CHICAGO — Even with significant off-field baggage, Jameis Winston was the first pick in the NFL draft Thursday night.

With no such issues, Marcus Mariota went second.

And with five-time Pro Bowler Vince Wilfork no longer in New England, the Patriots drafted Texas defensive tackle Malcom Brown with the 32nd and final pick of the first round. At 6-foot-2 and 319 pounds, Brown is similar in size to Wilfork and started every game the past two seasons.

It’s the second straight draft in which the Patriots took a defensive tackle in the first round. Last year they chose Dominique Easley from Florida. He played in 11 games but finished the season on injured reserve.

For the Buccaneers and Titans, they were not going to pass up a potential franchise quarterback in today’s pass-happy NFL.

So Florida State’s Winston is headed to Tampa Bay and Oregon’s Mariota goes to Tennessee at No. 2. They’ll take their Heisman Trophies (Winston in 2013, Mariota last year) and try to turn two downtrodden franchises into contenders, maybe even champions.

“The challenge is just being an NFL player, period. I’m not worried about any off-the-field situations or even on-the-field situations,” Winston said. “I’m just worried about living this new lifestyle and just developing into a great man for the Tampa Bay community for my teammates, because it’s all for them and it’s all for the success of this franchise.”

While Mariota has been a model citizen, some questioned his having barely taken any snaps behind center in Oregon’s quick-tempo attack. But Titans Coach Ken Whisenhunt, who has done big things with such veteran quarterbacks as Ben Roethlisberger, Kurt Warner and Philip Rivers, clearly isn’t concerned.

“He’s a talented young man who has a very good feel for the position and how to process those things,” Whisenhunt said, “and we’re excited to get a chance to work with him.”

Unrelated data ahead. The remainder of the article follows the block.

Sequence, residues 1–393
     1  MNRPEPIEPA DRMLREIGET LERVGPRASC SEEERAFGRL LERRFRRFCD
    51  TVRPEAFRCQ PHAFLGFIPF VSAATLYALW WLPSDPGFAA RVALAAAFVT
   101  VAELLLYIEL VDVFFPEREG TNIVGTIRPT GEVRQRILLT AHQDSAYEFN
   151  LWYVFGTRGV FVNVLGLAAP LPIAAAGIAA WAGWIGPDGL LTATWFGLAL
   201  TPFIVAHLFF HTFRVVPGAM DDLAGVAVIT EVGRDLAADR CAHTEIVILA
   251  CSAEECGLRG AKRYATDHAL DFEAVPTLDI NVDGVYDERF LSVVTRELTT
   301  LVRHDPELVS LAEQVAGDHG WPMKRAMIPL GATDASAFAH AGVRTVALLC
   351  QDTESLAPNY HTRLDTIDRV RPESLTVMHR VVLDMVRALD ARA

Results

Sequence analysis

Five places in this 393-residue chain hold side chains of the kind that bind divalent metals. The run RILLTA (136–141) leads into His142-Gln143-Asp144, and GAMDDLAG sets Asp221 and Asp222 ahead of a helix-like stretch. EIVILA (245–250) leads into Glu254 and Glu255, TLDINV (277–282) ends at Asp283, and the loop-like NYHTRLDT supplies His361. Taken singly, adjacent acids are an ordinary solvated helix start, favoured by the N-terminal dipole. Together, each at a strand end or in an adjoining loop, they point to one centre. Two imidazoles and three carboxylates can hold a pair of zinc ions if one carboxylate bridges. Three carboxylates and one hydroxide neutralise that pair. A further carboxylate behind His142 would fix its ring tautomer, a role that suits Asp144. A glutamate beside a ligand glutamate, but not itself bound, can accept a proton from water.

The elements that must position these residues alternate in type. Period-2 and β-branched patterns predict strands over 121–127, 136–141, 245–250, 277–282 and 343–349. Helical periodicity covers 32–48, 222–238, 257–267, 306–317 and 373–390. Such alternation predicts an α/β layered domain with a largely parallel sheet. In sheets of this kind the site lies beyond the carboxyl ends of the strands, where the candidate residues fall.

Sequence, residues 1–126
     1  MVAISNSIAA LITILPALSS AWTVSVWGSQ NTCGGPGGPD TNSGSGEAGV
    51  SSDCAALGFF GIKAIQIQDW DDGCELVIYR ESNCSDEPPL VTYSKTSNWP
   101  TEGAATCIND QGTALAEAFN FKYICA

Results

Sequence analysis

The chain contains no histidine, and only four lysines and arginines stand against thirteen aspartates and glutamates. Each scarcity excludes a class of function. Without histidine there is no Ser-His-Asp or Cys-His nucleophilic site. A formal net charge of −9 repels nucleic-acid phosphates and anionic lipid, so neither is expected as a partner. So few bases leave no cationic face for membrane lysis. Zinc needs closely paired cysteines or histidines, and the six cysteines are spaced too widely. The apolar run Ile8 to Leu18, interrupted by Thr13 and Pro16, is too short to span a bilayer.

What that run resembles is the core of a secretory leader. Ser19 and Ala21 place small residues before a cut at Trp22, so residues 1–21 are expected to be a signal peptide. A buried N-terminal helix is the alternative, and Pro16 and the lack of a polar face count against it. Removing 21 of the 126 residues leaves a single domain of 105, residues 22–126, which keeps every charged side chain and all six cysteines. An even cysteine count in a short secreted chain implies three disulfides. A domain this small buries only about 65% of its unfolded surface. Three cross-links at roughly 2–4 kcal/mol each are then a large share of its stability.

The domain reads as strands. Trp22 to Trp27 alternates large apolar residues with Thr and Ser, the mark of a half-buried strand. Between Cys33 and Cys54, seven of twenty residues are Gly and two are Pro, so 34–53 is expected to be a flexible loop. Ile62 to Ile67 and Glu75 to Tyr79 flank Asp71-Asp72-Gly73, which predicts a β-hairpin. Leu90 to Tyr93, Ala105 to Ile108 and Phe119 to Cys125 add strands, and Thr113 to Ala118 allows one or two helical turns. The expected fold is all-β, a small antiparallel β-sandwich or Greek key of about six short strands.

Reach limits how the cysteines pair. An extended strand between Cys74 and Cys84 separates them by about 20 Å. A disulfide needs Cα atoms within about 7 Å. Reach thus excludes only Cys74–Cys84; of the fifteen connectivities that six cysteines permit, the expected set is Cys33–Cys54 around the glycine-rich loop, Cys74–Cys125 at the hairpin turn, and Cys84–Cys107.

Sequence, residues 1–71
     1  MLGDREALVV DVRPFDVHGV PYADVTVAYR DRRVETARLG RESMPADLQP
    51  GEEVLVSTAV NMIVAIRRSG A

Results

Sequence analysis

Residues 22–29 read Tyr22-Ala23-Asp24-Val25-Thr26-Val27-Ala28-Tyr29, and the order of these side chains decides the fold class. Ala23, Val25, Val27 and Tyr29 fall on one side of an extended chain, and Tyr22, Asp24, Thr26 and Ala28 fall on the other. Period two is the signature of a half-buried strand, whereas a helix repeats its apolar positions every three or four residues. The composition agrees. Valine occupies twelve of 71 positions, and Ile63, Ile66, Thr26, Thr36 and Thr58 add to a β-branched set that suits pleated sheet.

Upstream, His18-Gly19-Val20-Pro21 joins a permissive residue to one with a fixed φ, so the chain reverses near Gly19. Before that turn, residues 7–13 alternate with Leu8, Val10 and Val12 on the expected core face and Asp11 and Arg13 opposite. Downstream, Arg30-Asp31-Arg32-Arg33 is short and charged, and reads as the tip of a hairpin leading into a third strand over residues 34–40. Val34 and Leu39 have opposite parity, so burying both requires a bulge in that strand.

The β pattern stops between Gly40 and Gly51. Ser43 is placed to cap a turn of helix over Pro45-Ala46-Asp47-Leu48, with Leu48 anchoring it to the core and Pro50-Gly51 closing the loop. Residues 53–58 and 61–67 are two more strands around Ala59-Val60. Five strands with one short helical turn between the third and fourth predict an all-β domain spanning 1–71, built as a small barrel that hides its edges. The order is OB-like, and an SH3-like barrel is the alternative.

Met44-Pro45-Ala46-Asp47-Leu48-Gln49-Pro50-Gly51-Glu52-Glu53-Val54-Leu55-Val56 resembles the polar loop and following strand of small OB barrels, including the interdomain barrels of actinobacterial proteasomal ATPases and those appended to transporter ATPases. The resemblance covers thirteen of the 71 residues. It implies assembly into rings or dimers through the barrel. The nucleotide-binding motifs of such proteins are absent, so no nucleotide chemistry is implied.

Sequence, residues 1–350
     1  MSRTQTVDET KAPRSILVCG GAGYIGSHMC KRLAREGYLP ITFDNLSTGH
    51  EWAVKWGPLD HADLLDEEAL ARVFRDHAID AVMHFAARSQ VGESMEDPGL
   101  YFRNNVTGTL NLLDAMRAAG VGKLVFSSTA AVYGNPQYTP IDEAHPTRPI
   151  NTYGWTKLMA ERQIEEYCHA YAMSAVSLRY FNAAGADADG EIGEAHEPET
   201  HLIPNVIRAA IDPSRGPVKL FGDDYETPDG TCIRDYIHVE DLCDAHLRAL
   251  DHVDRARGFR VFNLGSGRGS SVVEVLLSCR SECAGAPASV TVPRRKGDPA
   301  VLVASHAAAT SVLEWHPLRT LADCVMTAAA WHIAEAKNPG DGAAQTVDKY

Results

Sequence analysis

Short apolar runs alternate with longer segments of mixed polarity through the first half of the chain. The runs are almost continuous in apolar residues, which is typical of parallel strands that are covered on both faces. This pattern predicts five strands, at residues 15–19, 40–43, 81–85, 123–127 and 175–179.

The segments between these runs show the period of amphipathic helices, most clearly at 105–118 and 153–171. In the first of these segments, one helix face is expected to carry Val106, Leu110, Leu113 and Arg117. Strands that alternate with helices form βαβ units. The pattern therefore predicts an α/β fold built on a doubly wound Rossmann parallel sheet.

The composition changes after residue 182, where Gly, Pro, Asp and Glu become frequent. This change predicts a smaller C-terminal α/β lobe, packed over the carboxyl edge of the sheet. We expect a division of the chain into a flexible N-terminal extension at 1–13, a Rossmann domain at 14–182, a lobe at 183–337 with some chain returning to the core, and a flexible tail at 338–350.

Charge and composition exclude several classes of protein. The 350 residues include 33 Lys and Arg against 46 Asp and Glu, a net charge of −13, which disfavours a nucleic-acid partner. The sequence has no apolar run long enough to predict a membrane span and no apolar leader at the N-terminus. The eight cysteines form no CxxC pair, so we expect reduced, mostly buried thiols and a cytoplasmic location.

Naturally, Mariota isn’t worried about the doubters, either.

“I believe in my abilities and the hard work that I’ve put in,” he said. “I can’t control other people’s opinions. I’ve just got to do what I can do, and that’s putting in the hard work and getting ready for the next chapter. People are always going to have their opinions and say what they want to say.”

Tampa has the receivers to help Winston in Vincent Jackson and Mike Evans, both of whom went over 1,000 yards last year despite shoddy quarterbacking. Tennessee can’t make the same claim.

Each of those teams went 2-14 in 2014, but coaches Smith and Whisenhunt, in their first seasons in charge, survived the awful record. Now they presumably have the main building tool.

Winston and Mariota, who each had a year of eligibility remaining, will meet in the season opener in Tampa Bay.

Neither quarterback was in Chicago, choosing to watch – and celebrate – at home with their families. It was the sixth time since 1967 that quarterbacks went 1-2, and this was no surprise.

It wasn’t a surprise to see Washington cornerback Marcus Peters or Missouri defensive end Shane Ray go in the opening round, although both bring questions about personal behavior. Peters went 18th to Kansas City, Ray 23rd to Denver, which traded up five slots to get him.

Peters was kicked off the Huskies after several arguments with coaches.

“He’s got to keep his emotions in check and I think he’ll do that,” Coach Andy Reid said. “He’s not a troublemaker off the field, that’s not what he is. He’s not a problem in the locker room, that’s not what he is. Just those competitive juices, you have to know how to control those.”

Ray was cited for marijuana use Monday and said he “will learn from my mistake.”

Coincidentally, marijuana has been legalized in Colorado.